8. The data here are used to predict more data. Using old data, we should expect new data points to fit along a line predicted by the old data. There are difficult issues associated with novel prediction in these contexts that go beyond the purview of this paper. See Forster (2007) for a discussion of data and novel prediction.

  9. For example, Kris McDaniel’s chapter in Chalmers et al. (2009) invokes a Heidegerrian equivocalist, Tahko (2015) provides an overview of the discussion, particularly its connection to the Quine-Carnap debate. For treatments of these issues in touch with Carnap’s significance, see Blatti and Lapointe (2016).

  10. Even if there are multiple senses of ‘exist’ we might disagree about their relative importance. Equivocalists may give arguments for thinking that there is a privileged meaning of ‘exists’. Univocalists may instead argue that there is one sense of ‘exists’.

  11. I follow Psillos (1999).

  12. One could appeal to “acceptance” as discussed by van Fraassen. My proposal suggests a way of positing acceptance but enabling talk about the truth of scientific claims (by giving a deflated reading of their truth).

  13. Thomasson’s account prohibits defining the application conditions for F in terms of the existence of F. See Thomasson (2015, 96).

  14. These inferences might be understood in Bayesian terms.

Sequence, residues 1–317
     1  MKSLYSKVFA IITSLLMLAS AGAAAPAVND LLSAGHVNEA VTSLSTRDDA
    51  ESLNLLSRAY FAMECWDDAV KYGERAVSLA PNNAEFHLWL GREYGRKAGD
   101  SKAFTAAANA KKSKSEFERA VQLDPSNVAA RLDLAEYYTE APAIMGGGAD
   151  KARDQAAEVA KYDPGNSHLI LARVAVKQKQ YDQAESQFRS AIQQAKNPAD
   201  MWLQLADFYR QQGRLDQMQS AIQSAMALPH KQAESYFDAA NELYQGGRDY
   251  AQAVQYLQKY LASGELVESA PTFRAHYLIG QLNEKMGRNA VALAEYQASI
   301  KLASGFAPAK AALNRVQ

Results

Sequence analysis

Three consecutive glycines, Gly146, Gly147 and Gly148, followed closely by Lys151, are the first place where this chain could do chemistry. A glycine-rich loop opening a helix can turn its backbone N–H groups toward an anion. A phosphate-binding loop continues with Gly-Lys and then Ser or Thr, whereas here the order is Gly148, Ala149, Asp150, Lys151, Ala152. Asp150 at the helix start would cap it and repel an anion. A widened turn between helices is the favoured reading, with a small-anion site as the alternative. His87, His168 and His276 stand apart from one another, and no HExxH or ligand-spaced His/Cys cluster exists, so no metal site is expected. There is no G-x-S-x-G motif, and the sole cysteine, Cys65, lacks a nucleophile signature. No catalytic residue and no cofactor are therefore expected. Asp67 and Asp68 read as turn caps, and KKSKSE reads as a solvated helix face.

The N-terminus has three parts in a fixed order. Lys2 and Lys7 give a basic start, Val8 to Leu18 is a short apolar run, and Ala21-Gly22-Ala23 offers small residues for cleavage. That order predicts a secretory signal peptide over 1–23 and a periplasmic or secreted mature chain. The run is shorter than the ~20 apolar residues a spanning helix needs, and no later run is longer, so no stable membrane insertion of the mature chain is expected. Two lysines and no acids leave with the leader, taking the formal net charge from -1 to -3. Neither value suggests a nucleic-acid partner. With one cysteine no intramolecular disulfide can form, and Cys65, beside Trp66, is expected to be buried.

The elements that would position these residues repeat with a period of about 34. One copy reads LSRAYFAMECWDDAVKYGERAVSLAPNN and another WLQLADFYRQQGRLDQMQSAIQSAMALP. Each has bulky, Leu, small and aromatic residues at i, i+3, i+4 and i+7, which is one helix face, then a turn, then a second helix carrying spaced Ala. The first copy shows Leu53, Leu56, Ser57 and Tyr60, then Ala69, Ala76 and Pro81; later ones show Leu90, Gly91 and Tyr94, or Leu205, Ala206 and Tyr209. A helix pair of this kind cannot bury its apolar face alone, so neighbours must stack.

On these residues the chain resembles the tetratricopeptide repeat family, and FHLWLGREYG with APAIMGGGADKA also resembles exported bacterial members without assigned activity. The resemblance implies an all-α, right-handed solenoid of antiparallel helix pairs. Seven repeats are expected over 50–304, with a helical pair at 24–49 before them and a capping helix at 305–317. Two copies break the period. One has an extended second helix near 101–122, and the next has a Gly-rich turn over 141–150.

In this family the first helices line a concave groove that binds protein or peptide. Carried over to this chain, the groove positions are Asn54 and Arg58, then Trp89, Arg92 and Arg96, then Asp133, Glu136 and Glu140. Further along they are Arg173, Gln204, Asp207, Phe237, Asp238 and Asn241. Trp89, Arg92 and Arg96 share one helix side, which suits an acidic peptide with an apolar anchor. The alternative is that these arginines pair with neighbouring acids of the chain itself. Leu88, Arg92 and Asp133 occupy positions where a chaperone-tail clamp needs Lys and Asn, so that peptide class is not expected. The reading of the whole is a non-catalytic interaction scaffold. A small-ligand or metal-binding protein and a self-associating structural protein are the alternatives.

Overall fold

15. See Markus and Borsboom (2013) and Strauss and Smith (2009) for discussions of construct validation.

  16. See Kincaid (2018) for a defense of the reality of race along these lines.

  17. These are not biological realist attitudes, but constructionist ones. Constructionists argue that race is constructed but real. See Haslanger (2000).

  18. To clarify: the race assigned to an individual by a researcher or interviewer. Saperstein observed differences in reported incomes depending on which measure was used. See p. 65 Fig. 1.

  19. The pragmatic approach might generalize beyond the social and behavioral sciences to the natural sciences. However, there may be epistemic considerations that justify the traditional realist interpretation of existential claims about the natural sciences. Both the concerns over empirical success and ontological dubiousness mentioned at the beginning might press us to be more cautious in the case of the social sciences.

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Acknowledgements

This article has received significant feedback from anonymous reviewers at two journals. Their feedback has markedly improved the quality of my discussion – they have my thanks (whoever they are).

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Correspondence to Richard Lauer.

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Lauer, R. Motivating a Pragmatic Approach to Naturalized Social Ontology. J Gen Philos Sci (2022). https://doi.org/10.1007/s10838-021-09581-3

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Keywords

  • Scientific metaphysics
  • Metametaphysics
  • Social ontology
  • Scientific realism
  • Meta-social ontology